4.  Race Recaps - Another pretty self-explanatory page and another thing I haven't been very good about doing in the past. Under race recaps, you will find entries about races I have run. I have several races coming up, so I will do a much better job of writing about them for you. 

5.  Twitter - I'm really excited about this one. I've put a link on the right  side of the blog homepage to the Long Run Lessons twitter account (handle: @longrunlessons). I will update this at least once a day with run/health/esteem quotes/pictures/thoughts. I will also update twitter on my runs and lessons that I want to share, but maybe don't deserve an entire blog post. I think this twitter account will be a lot of fun and a way to reach out and keep in touch a little more frequently. 

6. Badges - the running/blogging community is a huge and wonderful place. I am so glad to call myself a part of it. If you click on one of the badges on the right side of the blog homepage, you will be taken to some of the groups that I am priveleged enough to be a part of. There you will find links to many other blogs about running/fitness/health. I, of course, want to be your favorite blogger, but there are so many great runner, writers out there and I want you to enjoy them too. 

*** Edited to add that I'm now on Instagram too!  You can follow me at @longrunlessons

Sunday, September 7, 2014


I planned on sitting down tonight and writing a completely different post, but then something happened today that really shook me and I feel like I need to write about it. 

I was insulted.  Maybe that sounds insignificant, but I was really insulted.  Someone looked directly into my face and said some pretty terrible things.  It's been a lot of years since someone has purposely and carelessly said mean things to me like that.  I guess that makes me really lucky.  But, it also made it that much more shocking.  It has be a long time since someone made me feel so small....or so large as the case may be today.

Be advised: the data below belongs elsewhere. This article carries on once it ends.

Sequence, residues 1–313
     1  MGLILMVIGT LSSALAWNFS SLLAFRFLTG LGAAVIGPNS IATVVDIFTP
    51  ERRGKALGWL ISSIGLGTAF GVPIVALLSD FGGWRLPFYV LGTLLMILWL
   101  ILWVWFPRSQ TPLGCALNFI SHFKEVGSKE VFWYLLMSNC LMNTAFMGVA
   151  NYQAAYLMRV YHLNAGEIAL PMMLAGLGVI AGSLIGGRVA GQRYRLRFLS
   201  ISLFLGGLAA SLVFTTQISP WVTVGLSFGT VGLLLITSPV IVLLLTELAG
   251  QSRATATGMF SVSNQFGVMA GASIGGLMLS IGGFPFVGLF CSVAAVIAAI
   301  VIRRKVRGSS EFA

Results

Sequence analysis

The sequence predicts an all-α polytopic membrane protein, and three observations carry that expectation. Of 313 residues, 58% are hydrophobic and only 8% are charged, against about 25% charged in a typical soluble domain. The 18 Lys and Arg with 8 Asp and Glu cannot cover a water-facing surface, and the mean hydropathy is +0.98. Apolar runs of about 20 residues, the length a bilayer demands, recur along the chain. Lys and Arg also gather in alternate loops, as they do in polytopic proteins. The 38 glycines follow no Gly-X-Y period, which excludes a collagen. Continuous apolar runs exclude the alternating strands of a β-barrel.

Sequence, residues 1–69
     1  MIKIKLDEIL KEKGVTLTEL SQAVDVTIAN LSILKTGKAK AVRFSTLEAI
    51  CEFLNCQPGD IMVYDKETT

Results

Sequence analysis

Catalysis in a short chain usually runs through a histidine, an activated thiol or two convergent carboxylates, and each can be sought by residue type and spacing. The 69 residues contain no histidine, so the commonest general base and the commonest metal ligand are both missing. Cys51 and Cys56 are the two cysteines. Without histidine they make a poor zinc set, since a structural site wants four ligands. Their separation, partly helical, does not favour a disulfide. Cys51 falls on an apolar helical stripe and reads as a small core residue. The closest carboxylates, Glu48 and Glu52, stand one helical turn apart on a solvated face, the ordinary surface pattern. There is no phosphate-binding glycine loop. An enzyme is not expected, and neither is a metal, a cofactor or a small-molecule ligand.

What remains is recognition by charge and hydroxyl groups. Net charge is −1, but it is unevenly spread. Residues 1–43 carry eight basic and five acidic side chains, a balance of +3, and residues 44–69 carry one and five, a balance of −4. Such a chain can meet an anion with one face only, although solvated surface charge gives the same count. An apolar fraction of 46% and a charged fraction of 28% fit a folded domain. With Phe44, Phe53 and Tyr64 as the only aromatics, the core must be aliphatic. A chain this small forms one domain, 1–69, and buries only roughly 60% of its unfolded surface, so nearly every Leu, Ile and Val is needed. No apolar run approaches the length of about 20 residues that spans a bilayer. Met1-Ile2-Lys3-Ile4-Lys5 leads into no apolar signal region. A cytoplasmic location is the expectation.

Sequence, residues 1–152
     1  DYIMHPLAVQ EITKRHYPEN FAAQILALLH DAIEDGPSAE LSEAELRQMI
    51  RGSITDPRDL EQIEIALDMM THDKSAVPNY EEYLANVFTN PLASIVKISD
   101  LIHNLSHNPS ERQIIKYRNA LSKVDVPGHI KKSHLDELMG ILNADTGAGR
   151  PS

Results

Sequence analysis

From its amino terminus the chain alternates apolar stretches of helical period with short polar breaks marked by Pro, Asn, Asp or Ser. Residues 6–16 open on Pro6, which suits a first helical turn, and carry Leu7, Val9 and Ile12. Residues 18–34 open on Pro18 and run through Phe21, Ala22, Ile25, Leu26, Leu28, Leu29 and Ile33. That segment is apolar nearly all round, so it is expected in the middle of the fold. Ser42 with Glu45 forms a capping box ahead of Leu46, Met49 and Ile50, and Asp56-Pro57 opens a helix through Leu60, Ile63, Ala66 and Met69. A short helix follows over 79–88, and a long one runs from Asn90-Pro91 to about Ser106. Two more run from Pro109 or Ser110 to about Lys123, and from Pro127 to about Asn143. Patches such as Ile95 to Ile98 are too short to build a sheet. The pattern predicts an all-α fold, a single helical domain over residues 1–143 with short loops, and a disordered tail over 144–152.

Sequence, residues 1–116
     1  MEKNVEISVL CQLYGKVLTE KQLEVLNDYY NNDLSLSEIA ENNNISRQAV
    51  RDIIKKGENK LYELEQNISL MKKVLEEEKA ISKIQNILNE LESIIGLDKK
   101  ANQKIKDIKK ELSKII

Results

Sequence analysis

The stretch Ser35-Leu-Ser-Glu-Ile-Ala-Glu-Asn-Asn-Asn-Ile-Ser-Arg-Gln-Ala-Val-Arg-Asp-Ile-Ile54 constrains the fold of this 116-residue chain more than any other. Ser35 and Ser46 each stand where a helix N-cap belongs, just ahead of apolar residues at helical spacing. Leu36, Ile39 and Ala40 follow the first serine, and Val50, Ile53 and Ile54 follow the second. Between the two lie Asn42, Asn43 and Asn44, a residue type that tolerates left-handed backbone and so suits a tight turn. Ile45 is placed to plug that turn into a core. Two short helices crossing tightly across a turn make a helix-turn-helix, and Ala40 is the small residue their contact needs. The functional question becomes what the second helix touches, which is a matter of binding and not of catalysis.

*** In full disclosure, I have gained some weight.  I am, at most 4 lbs heavier than when this person last saw me.  But, really!?!?  4 lbs!?!?  Is that really so much weight?!?
I am discovering that there are at least four phases of overcoming an insult:

1.  Disbelief - I tell you what, as soon as the words starting coming out of this person's mouth, my head went on a swivel looking for the hidden cameras.  I thought, "Surely this isn't real," and "maybe I'm on that 'What Would You Do' show."  I seriously started looking around for the ABC cameras.  When I concluded that there were no cameras around, I decided that the person must be kidding and I could react with only nervous laughter and a confused look on my face.


2. Anger - Okay, I'll admit it, once I realized this wasn't a joke or a prank TV show, I got pissed.  I was steaming at the thought that someone would be so careless with their words.  I had to walk away.  I removed myself from the situation and immediately started texting my friends who responded with the perfect amounts of "WTF!?!?!"  and "You are gorgeous, that person is crazy."  Thank you to my friends!  Once I was done talking to them, I felt most of the anger had passed.
3. Belief - This is probably where I have wallowed the longest today.  I have to be honest with you and admit that after the first two stages, I spent a good amount of time planning out next week's iceberg lettuce and water diet.  I started believing what they said.  I started thinking it was true and that I'd just been in denial this whole time thinking that I looked okay.  You see, and this might be something I've never mentioned before, but I spent quite a few years of my life believing all of the terrible things someone else told me.  During those years, I had no self-worth.  I valued myself only on how someone else told me I should be valued.  Today's comments took me right back to that spot.  Luckily, and thankfully, I've come a long way since those days.
4. Acceptance - And, this is why I'm sharing all of this with you.  After spending a little time in that dark place, I remembered all of the things I've been working on and working for.  I decided to practice what I preach.  I chose to believe MYSELF and believe IN myself.  I know more about who I am and what I'm worth than anyone else.  No one else's comments can have any impact on me unless I let them.  I can now say that I accept what happened today as just what it was...a comment.  It was about 15 seconds of my life when someone else decided to say something about me.  Something that could only have power over me if I let it.  And I won't let it.  I've come too far.  I've learned too much about how strong I am and what I am capable to let someone else's opinions bring me down.